The first Bavarian university, which gave rise to today’s Ludwig Maximilian University in Munich, was founded 550 years ago in Ingolstadt. Under the heading “Artificial Intelligence – Innovations for the City of Tomorrow”, a prestigious science congress was held from June 30 to July 1 to mark this anniversary. To prelude the event, the tradition-steeped Georgian Chamber Orchestra of Ingolstadt enthralled the astonished audience on June 29 under the direction of Timo Handschuh with a forward-looking musical and technical concept from the Ars Electronica Futurelab: The compositions performed there were composed in collaboration with an artificial intelligence and performed by the musicians of the chamber orchestra together with a self-playing piano and live visuals by Cori O’lan.
The music for this audiovisual performance was provided by the AI composition system Ricercar, which was developed by AI researcher and artist Ali Nikrang at the Linz Futurelab. It was intended to represent the connection between art, technology and science, and the state of the art of AI-composed music, to demonstrate to the astonished audience the tremendous creative potential of this future technology. Accompanied by the vibrant, organic forms of Cori O’Lan’s live visualizations, the concert also showcased the visual expression of AI-generated music and the different levels on which human-machine interaction can take place on behalf of art and culture.
Composed for a self-playing piano and played as if by magic by a Steinway Spirio grand piano, the first piece AI-Reflection #1 demonstrated the current state of the technology: a direct rendering of the AI’s musical output without human accompaniment. In a joint performance, together with three human musicians from the Georgian Chamber Orchestra and the self-playing piano, AI-Reflection #2 then demonstrated another quality of this creative collaboration: music created in the harmonious interplay between humans and machines. Finally, the third piece AI-Reflection #3 represented a joint performance of the orchestra and the self-playing piano, with the AI’s composition arranged by humans for this instrumentation, as in the second piece. A musical theme by one of the university’s earliest students served as a prompt for the AI: Petrus Tritonius (1465-1525) was a schoolman, humanist and musician with a wide range of interests. In Ingolstadt, he studied with Conrad Celtis, one of the most famous humanists of the time.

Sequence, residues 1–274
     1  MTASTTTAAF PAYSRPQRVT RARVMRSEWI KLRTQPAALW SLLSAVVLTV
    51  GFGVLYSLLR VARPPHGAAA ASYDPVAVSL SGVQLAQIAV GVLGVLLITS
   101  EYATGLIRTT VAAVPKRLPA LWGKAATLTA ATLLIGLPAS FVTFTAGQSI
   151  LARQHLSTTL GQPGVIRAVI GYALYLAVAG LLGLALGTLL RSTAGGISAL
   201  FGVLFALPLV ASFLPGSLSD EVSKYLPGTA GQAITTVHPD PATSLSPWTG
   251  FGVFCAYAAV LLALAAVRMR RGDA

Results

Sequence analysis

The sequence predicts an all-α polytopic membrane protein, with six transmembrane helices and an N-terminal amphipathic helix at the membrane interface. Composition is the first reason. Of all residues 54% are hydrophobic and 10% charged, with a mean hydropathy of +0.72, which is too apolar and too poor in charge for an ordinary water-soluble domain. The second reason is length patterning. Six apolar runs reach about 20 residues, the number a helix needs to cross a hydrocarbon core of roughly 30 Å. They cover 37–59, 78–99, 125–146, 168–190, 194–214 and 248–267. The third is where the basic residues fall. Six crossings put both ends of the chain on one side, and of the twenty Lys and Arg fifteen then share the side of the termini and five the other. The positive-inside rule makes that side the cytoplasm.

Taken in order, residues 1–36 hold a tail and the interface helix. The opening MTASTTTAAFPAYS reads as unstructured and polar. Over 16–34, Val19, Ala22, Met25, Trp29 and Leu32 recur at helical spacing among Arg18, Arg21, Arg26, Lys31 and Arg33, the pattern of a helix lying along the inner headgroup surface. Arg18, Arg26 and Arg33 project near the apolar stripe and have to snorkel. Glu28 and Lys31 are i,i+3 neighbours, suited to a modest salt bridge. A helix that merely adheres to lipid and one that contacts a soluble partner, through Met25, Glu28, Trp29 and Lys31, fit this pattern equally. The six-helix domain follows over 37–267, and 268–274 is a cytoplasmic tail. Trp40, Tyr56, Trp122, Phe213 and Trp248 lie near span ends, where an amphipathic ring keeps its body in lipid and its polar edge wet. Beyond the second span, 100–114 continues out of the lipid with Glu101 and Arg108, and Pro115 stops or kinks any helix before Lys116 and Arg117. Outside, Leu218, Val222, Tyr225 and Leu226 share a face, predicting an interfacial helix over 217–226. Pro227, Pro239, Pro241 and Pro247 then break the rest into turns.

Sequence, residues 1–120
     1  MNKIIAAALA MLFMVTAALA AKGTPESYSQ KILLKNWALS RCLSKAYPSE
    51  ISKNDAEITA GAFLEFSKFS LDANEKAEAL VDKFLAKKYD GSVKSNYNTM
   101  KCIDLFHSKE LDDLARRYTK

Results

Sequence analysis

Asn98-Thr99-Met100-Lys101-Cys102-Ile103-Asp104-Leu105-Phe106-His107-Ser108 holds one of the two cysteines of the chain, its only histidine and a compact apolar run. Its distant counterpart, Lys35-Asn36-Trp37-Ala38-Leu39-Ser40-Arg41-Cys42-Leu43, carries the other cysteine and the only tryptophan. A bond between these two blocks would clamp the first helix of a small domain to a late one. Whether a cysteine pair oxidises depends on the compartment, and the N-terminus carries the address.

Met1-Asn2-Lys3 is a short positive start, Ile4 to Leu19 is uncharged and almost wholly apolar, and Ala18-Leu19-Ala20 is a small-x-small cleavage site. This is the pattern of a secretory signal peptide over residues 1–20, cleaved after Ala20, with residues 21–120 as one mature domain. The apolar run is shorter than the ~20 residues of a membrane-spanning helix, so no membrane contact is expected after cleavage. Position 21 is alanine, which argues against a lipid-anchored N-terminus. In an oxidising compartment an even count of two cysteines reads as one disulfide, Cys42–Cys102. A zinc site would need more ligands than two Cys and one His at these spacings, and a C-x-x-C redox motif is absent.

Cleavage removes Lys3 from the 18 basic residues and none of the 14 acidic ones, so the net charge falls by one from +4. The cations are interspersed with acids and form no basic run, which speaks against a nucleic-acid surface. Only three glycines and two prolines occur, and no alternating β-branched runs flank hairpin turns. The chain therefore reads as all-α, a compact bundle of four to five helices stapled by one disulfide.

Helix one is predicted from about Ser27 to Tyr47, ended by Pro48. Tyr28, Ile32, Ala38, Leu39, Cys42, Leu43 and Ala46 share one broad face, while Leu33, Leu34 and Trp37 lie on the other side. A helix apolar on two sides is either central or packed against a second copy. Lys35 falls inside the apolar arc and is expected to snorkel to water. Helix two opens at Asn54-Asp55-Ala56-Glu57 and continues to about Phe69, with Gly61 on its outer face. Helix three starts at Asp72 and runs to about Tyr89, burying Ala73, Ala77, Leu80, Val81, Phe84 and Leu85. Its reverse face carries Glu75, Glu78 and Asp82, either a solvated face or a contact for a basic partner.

Both the AI compositions and performance of the self-playing piano demonstrated the increasingly intense collaboration between humans and machines in the field of music. The impressive performance already gave an idea of how much future for creativity already lies in the application of artificially intelligent systems.
Learn more about Ali Nikrang and his key research on Creative Intelligence.